Posts Tagged ‘Arthur M. Sackler Gallery’

The Magnolias at the Enid A. Haupt Garden

Today the cherry blossoms here in D.C. begin their “peak bloom.”  Peak bloom is defined by the National Park Service as the day when 70 percent of the cherry blossoms surrounding the Tidal Basin are open.  But the best time to see the cherry blossoms, depending on the weather, is four to seven days after peak bloom.  So I will be posting some photos of this year’s cherry blossoms later in the week.

During this lunchtime bike ride, I went out to see one of the cherry blossoms’ seasonal precursors, magnolia blossoms.  There are many places throughout D.C. where there is an abundance of magnolia trees, such as the U.S. National Arboretum, Rawlins Park, and Lafayette Square Park, to name just a few.  But on this bike ride I stopped by the Enid A. Haupt Garden, located at 1050 Independence Avenue (MAP) in the Southwest portion of D.C.’s Downtown neighborhood. 

The garden is named after Enid Annenberg Haupt, an American publisher and philanthropist who, as an heiress to a family fortune, was able to make significant contributions to her personal causes and interests, including the arts, architectural and historic preservation, and cancer research.  But foremost among her interests and philanthropic endeavors was horticulture.  Her devotion to restoring and maintaining gardens around the country and the world earned Haupt a reputation as “the greatest patron American horticulture has ever known.”

The garden opened on May 21, 1987 as part of the redesigned Smithsonian Castle quadrangle, which was financed by a three-million dollar endowment Haupt provided for its construction and maintenance.  Initially approached with a request that she finance a small Zen garden within the quadrangle, after a review of the plans Haupt said that she was “not interested in putting money into a Zen garden … I’m only interested in financing the whole thing.”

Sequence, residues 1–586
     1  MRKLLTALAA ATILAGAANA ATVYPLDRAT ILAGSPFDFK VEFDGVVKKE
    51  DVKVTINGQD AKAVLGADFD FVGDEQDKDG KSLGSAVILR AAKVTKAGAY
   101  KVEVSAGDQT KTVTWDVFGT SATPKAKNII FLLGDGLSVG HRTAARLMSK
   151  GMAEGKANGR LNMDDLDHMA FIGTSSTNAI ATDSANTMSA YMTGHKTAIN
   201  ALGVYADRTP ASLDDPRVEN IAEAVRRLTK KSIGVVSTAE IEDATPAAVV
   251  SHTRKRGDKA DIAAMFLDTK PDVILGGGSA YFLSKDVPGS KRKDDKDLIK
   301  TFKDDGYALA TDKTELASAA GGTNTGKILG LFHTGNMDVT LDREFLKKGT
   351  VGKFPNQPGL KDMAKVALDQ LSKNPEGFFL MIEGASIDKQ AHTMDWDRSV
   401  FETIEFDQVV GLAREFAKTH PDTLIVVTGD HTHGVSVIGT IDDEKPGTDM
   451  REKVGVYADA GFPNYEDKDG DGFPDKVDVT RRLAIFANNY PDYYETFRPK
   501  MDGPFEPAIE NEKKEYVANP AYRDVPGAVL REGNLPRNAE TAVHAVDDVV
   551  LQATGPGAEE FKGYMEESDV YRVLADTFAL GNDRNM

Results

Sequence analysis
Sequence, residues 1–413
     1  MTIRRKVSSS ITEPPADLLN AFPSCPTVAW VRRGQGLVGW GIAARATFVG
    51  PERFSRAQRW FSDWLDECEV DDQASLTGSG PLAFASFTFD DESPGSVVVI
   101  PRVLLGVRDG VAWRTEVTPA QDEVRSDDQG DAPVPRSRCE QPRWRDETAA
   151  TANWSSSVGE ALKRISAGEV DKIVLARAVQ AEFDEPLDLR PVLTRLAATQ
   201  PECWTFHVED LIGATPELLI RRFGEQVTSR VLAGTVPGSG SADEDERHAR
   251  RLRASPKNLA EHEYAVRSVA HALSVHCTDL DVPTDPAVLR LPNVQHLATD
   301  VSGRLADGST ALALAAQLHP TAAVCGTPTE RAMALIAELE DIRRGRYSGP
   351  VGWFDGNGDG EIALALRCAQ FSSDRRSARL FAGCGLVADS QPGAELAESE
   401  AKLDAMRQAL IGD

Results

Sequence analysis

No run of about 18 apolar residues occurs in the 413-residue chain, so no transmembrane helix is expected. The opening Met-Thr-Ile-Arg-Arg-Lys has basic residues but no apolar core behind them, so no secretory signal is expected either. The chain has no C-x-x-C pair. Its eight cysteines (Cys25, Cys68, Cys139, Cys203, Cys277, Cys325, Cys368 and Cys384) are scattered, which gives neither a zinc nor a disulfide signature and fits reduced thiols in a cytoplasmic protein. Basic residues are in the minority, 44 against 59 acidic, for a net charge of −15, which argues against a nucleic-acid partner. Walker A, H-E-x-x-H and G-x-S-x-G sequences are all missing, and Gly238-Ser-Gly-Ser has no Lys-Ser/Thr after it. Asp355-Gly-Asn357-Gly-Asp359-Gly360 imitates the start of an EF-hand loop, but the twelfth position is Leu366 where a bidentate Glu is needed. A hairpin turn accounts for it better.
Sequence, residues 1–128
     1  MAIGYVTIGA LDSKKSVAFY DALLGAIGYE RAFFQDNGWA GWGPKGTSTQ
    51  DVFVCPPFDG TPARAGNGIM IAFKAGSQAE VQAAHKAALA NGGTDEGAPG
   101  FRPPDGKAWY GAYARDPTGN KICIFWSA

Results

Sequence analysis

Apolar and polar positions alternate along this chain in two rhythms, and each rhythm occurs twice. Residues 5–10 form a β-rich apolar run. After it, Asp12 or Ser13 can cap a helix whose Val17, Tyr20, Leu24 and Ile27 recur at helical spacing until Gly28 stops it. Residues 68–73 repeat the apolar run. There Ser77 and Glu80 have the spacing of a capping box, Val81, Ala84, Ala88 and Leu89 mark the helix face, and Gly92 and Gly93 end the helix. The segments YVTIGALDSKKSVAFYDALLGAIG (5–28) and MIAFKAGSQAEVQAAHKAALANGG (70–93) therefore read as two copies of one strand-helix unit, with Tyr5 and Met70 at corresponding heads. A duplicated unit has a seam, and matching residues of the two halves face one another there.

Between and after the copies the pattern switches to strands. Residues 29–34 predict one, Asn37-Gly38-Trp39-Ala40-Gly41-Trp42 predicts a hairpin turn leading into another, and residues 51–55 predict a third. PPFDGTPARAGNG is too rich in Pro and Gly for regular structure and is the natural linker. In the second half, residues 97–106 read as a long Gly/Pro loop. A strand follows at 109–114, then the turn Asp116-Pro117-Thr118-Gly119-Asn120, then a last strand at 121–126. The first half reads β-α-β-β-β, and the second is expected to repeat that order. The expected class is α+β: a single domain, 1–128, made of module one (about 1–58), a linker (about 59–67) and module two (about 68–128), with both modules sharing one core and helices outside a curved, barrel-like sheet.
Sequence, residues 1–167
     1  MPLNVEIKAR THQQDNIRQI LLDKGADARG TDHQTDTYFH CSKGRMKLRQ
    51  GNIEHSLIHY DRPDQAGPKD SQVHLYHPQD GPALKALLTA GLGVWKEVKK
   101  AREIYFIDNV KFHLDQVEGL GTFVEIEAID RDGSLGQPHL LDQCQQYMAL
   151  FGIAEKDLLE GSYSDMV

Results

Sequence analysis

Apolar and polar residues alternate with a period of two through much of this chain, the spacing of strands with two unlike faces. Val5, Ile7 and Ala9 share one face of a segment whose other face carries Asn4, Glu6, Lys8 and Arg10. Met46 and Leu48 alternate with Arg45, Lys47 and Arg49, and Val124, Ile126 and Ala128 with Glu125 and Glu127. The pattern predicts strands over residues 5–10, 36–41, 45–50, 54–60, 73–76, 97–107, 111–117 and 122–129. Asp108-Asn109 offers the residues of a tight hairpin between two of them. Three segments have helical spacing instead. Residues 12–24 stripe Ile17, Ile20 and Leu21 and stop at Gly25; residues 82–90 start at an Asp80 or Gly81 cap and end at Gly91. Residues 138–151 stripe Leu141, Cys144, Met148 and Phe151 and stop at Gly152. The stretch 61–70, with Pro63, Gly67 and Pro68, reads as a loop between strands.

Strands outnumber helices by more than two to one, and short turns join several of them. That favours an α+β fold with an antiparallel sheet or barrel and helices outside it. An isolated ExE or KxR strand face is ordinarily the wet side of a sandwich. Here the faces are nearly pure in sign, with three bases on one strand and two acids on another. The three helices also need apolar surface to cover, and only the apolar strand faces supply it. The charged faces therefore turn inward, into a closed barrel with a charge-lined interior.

The Haupt Garden is a public garden in the Smithsonian complex.  It is situated on just over four acres between the back of the Castle and Independence Avenue, and features an embroidered parterre in a geometric design of plants and flowers rotated seasonally, an Asian-influenced garden adjacent to the Arthur M. Sackler Gallery, and a Moorish-influenced garden adjacent to the National Museum of African Art, and wide brick walks, and 19th-century cast-iron garden furnishings from the Smithsonian Gardens’ Garden Furniture Collection line the perimeter.

But it was the saucer and tulip magnolias that I went to the park to enjoy today.  The magnificent trees do not have the same history and fame as do the cherry trees that line the nearby Tidal Basin, but these magnolias are equal in beauty with their more famous counterparts.  And the aroma of the magnolia blossoms filled the air.  It was a great way to spend the first day of the cherry blossoms’ peak bloom.

 

[Click on the photos to view the full-size versions]

Update (4/4/2019):  What a difference a few days make.  The photo (below) is of the same magnolia trees three days after the first photo (above).  So if you’re going to come see them next year, make sure your timing is right.  The brevity of the magnolia blossoms is similar to that of the cherry blossoms.